When IS blackface appropriate? 
It’s not listed among Greg’s theater credits, THE LAST MINSTREL SHOW, which starred Della Reese and was slated for Broadway. But after out of town runs in Delaware and Philadelphia, we never arrived at our slated opening at the Helen Hayes Theater. (I still have that NY Times full page ad announcing our arrival.) So it goes.

Our producers included Colleen Dewhurst and they simply ran out of money, couldn’t get the sets out of Philly. The music and dancing were compelling and the book engaged the use of blackface in a time of social change in America. My character, Jimmy “Tuskegee” White questioned the morality of “corking up” to perform our music, believing it to be demeaning to people of color. In the second act, he confronts Black Sally (Della Reese) with his concerns and then chooses to quit the production.

Greg had been a performer for all of his life…but this was his first dramatic character role. He was a brilliant dancer and singer; his instincts were solid but he’d had little prior training as an actor. (I’ve had the singular pleasure of having tap danced with Gregory Hines and Jeffrey Thompson on a Broadway stage!) 
During the run he approached me one afternoon and asked, “Tucker, every show you play that scene…and every night you break down, often on the same word. How do you do that?” I described to him my training with Meisner and with Stella, spoke of “a preparation” and the actors work of creating a characters history, back story and how that would inform his work, once in performance.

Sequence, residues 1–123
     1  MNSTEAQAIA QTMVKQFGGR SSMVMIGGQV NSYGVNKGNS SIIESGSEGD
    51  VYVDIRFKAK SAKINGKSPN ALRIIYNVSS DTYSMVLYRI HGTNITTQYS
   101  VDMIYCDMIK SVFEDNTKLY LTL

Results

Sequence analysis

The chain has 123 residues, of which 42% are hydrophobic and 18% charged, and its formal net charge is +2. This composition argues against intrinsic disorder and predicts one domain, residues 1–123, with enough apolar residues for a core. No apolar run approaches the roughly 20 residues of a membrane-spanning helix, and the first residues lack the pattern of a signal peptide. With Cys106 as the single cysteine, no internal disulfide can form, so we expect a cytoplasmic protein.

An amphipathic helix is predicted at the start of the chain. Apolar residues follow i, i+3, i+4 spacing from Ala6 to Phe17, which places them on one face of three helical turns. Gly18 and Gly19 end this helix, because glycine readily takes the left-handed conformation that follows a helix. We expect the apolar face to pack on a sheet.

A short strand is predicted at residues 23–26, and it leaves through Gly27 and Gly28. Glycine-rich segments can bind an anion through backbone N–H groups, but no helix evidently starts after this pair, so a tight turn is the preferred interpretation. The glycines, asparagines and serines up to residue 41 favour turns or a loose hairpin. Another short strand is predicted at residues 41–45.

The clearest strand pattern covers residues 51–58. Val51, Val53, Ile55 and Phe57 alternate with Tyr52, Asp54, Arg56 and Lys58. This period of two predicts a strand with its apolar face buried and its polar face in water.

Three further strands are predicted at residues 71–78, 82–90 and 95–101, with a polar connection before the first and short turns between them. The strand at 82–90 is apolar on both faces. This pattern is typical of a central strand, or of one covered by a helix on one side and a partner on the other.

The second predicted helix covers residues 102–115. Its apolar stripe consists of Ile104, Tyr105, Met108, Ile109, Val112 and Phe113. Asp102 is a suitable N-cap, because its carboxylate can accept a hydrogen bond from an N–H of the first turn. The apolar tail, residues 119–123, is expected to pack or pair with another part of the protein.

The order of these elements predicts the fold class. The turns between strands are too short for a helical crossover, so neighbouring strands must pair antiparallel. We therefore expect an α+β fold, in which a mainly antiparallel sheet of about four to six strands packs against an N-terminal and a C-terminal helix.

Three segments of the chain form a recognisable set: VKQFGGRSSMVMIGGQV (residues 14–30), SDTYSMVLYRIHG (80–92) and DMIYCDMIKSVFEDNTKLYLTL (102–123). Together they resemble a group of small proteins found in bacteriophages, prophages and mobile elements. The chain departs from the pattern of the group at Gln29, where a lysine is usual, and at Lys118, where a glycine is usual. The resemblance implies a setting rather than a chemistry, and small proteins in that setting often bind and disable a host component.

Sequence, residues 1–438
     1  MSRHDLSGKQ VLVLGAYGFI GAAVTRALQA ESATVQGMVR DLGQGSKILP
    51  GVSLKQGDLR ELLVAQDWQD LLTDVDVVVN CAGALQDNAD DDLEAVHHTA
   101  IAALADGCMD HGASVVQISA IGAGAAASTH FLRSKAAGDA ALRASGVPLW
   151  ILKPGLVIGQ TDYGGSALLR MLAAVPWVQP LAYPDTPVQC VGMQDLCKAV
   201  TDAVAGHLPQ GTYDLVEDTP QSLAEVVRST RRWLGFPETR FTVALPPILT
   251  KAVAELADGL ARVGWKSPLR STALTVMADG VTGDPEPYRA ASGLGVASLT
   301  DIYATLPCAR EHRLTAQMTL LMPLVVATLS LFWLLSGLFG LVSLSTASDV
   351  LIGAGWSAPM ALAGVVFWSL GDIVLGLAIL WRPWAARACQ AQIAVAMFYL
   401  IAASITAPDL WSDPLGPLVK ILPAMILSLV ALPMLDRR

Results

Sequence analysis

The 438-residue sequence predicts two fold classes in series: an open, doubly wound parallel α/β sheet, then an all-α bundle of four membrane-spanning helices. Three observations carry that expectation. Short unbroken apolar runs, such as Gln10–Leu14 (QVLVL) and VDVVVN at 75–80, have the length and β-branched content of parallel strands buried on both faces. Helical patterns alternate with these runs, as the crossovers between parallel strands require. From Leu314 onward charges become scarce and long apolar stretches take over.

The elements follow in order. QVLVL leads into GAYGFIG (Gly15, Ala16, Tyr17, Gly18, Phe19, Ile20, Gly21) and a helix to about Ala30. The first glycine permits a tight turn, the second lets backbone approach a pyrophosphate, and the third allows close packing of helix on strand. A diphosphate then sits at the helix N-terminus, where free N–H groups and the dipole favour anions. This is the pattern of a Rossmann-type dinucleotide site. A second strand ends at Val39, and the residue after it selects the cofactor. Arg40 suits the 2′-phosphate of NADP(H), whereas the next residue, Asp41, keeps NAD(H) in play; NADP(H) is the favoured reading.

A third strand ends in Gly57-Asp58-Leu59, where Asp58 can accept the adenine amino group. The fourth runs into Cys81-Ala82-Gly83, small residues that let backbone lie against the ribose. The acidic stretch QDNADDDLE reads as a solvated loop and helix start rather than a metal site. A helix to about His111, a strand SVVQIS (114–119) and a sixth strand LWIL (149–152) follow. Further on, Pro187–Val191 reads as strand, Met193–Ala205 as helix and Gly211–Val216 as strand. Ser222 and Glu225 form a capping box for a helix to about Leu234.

I don’t remember if Greg ever told me who he chose to study with…but I do remember a call late one nite. I was then living in my Tribeca loft. The phone rang and in hushed tones but full of excitement, Greg said, “Tuck! I’m down in the morgue! These guys are showing me how they do what they do!” Jesus, Greg, the morgue? But good on you! Greg was passionate about growing as an artist. And he was now preparing his character for the film WOLFEN. He continued to elevate his game with each performance, his creative instincts always on point.

And speaking of phone calls, months later I returned home one night from a black tie affair…and had this persistent impulse. CALL GREG! Not sure why…but I did; I left him a message. Days later he returned my call. “Tuck, I’m in Napa with Francis Coppola, working on a script. I think there’s something in it for you. I’ll be in touch.” The project was The Cotton Club.

Several weeks later in NY, I took a meeting for the project. I walked into a room with just two men, Francis Coppola and Robert Evans. I approached the conference table. They looked at me and then they looked at each other…and in unison, they said, “Kid Griffin.” That led to five months of creative joy…with Greg, with Diane Lane, with Laurence Fishburne and with just about every goddamn Hollywood star imaginable. They all visited our set every week and especially every weekend. For the parties! We had the most beautiful women in the world attached to this project…and they all wanted to meet them.